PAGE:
NOAA touts new pungent shark repellent


A nasty-smelling shark repellent developed to reduce shark bycatch — and so effective it tends to leave humans gasping for breath — received accolades in a report to Congress by the National Oceanic and Atmospheric Administration.

The project was funded by a NOAA grant that was awarded through Florida Keys Community College as part of NOAA's Bycatch Reduction Engineering Program.

The report prepared for Congress stresses the efforts researchers are making in coastal communities to develop ways to reduce bycatch, which involves sharks and other unintended species getting caught up in nets intended for shrimp or other seafood commercially harvested on long lines.

Two grants from NOAA have helped Patrick Rice, dean of marine science and technology at the community college, and his research assistant, Brian DeSanti, to experiment with variations on the repellent theme. The ultimate goal is to do away with shark bycatch.

The first batch was made from pieces of dead and rotting shark corpses and it caused such a literal stink on the college’s Key West campus that it was moved to a storage locker at Anchor Towing on Rockland Key.

There DeSanti tended to it. Rice said DeSanti has no sense of smell.

"It made him perfect for the job, but unfortunately, I guess it also makes him less sensitive to the smell that other people are having to deal with," Rice told Keys News.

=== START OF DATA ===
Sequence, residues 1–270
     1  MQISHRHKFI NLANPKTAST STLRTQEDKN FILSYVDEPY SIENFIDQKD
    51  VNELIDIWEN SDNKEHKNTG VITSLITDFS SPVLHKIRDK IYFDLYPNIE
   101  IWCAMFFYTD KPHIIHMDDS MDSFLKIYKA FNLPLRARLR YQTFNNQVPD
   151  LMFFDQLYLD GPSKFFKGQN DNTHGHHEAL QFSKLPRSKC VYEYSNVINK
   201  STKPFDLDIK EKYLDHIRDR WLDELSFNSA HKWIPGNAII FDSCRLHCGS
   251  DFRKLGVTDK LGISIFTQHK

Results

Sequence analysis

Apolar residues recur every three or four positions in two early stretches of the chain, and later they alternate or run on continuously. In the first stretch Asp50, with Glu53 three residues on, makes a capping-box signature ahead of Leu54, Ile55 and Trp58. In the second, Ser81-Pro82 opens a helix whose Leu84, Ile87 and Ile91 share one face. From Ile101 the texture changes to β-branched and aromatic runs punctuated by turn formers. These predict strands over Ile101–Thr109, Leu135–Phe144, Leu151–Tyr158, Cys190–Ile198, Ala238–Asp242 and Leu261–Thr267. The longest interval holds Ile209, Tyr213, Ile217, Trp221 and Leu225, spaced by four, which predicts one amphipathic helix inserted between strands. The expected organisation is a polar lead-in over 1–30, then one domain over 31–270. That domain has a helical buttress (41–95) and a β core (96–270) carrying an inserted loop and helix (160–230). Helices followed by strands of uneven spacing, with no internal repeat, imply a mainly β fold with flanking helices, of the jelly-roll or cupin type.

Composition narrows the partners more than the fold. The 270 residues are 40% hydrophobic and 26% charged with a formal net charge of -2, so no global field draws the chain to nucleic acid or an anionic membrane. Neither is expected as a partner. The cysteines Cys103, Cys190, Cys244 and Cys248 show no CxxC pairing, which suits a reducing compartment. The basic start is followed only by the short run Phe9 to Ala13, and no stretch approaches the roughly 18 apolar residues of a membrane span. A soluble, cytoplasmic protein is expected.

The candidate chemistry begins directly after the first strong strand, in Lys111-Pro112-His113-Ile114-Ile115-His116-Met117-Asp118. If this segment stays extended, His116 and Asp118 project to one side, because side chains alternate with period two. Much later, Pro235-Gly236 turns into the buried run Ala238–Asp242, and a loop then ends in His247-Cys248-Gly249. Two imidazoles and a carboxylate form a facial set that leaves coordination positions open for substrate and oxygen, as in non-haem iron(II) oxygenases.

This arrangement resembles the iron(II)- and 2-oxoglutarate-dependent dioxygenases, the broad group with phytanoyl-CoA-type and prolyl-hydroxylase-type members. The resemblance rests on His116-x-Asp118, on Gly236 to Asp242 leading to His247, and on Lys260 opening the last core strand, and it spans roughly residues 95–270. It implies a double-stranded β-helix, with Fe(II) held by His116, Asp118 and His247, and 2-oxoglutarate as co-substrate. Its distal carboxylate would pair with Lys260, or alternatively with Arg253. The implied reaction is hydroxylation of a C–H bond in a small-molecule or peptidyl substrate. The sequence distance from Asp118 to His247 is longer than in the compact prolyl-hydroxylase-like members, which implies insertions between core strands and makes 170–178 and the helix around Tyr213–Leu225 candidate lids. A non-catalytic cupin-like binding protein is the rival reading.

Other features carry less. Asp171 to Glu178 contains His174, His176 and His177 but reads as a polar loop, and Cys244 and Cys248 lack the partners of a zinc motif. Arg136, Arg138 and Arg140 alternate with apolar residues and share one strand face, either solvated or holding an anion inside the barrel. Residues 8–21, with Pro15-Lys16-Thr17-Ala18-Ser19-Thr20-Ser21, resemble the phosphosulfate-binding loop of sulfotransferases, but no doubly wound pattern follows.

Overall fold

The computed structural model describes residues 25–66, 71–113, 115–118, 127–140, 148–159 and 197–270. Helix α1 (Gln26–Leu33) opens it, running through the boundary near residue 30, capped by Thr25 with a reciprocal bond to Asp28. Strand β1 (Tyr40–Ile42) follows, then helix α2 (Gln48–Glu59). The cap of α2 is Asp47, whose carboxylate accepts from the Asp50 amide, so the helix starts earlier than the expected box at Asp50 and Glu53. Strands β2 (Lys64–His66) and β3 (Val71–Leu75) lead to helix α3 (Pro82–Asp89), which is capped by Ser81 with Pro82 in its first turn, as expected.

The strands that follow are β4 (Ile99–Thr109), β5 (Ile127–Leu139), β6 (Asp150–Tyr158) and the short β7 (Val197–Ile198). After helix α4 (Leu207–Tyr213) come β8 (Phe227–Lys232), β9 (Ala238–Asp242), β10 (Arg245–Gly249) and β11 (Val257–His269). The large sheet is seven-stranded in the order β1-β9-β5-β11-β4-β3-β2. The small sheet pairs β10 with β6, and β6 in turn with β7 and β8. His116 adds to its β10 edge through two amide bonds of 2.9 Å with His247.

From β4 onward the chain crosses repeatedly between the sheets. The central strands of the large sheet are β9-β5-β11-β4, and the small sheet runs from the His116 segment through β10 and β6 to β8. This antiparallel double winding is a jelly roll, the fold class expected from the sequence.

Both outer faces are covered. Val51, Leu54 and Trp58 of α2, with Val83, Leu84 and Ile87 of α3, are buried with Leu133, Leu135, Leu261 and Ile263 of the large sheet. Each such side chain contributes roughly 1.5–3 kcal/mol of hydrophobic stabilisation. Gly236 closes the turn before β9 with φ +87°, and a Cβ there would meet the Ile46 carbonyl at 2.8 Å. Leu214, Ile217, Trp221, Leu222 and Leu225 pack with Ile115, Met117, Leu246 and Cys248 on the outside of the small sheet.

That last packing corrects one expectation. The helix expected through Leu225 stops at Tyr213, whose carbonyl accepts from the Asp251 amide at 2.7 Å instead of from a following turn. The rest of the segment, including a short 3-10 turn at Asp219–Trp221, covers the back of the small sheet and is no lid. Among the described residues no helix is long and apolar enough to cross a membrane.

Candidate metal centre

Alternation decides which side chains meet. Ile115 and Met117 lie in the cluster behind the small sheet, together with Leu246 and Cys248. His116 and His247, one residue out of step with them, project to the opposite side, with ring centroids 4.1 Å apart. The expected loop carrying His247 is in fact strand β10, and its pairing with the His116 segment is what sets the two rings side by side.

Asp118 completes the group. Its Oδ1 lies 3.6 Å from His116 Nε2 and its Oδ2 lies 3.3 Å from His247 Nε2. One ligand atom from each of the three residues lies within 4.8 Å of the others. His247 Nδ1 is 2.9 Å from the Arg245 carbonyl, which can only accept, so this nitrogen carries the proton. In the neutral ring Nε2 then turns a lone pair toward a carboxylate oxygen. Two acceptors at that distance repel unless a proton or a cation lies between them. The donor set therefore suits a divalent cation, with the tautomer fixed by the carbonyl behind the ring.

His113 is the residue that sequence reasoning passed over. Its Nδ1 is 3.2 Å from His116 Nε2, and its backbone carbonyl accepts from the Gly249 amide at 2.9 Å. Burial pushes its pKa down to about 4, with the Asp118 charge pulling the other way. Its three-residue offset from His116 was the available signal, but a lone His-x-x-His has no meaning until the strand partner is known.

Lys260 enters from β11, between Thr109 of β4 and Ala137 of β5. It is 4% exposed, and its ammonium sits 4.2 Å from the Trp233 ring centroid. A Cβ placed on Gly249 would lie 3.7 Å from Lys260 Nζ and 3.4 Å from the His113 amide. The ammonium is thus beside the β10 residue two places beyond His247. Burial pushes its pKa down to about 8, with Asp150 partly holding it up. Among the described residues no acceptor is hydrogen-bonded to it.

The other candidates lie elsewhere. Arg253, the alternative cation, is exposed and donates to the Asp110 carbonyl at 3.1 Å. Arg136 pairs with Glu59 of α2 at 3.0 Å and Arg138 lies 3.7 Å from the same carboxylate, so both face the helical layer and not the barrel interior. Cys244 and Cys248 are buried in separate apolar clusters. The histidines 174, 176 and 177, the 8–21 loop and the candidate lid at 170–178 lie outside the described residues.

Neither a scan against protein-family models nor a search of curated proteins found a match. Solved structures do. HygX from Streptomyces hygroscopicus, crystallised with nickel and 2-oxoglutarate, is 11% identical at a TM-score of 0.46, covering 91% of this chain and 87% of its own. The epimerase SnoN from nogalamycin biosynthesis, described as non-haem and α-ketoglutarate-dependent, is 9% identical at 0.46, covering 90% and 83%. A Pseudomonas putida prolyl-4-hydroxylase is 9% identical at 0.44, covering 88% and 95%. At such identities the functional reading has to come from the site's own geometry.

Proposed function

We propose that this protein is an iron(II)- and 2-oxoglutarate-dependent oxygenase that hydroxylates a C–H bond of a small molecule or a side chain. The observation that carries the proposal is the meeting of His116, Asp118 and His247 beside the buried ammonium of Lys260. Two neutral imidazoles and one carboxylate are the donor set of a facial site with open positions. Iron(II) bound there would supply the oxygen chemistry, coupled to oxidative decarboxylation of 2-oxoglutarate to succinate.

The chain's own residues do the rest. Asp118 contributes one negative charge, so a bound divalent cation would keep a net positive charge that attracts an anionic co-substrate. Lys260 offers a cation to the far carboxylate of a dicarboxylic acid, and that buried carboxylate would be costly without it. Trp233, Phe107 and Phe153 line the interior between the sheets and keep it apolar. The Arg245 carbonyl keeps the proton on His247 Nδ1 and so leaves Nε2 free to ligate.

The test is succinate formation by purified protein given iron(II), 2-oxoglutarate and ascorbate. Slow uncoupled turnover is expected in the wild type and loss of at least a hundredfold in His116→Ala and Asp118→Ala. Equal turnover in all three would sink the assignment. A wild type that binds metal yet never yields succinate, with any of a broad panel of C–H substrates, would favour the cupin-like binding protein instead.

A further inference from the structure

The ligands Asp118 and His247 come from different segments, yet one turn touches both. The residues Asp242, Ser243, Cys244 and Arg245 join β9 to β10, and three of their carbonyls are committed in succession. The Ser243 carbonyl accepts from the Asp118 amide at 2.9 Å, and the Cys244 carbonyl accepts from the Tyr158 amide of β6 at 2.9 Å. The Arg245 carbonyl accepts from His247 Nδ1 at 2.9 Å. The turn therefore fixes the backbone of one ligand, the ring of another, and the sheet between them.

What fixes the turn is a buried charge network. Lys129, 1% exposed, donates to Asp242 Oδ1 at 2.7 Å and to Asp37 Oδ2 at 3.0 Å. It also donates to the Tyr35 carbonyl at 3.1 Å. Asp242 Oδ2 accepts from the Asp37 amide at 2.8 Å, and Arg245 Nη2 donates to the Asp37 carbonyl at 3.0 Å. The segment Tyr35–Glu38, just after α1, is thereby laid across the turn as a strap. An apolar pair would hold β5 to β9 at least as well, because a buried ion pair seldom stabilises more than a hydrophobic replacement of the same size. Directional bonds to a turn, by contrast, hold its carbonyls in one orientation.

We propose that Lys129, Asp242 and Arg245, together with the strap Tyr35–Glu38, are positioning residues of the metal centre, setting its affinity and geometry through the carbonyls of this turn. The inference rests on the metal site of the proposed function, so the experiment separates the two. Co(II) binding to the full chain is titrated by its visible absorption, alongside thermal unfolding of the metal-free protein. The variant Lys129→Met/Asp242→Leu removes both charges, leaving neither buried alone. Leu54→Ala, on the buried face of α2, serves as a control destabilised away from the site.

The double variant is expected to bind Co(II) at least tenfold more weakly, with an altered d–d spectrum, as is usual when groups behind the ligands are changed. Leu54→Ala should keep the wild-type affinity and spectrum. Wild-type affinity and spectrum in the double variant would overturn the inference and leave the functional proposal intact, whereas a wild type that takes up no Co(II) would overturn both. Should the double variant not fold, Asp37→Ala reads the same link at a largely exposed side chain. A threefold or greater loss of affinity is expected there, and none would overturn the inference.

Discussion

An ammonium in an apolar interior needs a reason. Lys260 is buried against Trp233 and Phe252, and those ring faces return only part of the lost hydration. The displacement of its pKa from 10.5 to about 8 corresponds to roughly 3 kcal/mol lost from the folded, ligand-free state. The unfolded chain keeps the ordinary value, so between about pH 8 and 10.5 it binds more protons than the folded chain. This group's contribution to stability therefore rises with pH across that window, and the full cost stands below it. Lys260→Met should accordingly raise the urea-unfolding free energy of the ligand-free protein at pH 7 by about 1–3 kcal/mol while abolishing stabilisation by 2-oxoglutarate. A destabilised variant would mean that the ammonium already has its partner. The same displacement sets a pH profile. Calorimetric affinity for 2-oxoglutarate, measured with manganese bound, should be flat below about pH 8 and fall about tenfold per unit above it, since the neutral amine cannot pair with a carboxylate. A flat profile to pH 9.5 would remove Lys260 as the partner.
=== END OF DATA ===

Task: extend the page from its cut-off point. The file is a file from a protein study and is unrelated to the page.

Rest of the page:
"The original discovery was that sharks don't like the smell of dead rotting sharks,”he said. “So the grant that we were working with from NOAA basically was designed to take the dead bycatch generated during commercial fishing to turn into shark repellent, and then apply it during commercial fishing to reduce the bycatch. … However, we're now using synthetic compounds to achieve this goal.”

The shark repellent is packed into time-release capsules.

"If you can get fishermen using it, it becomes part of their routine and they have an economic incentive because more hooks will be available to target species like tuna and swordfish,”Rice said.

“We’ve reduced bycatch by about 35 percent, which could result in saving as many as 8 million sharks per year,”he said. “Our ultimate goal is to eliminate bycatch altogether. We're very optimistic that this shark-repellent bait can be commercialized in the near future."


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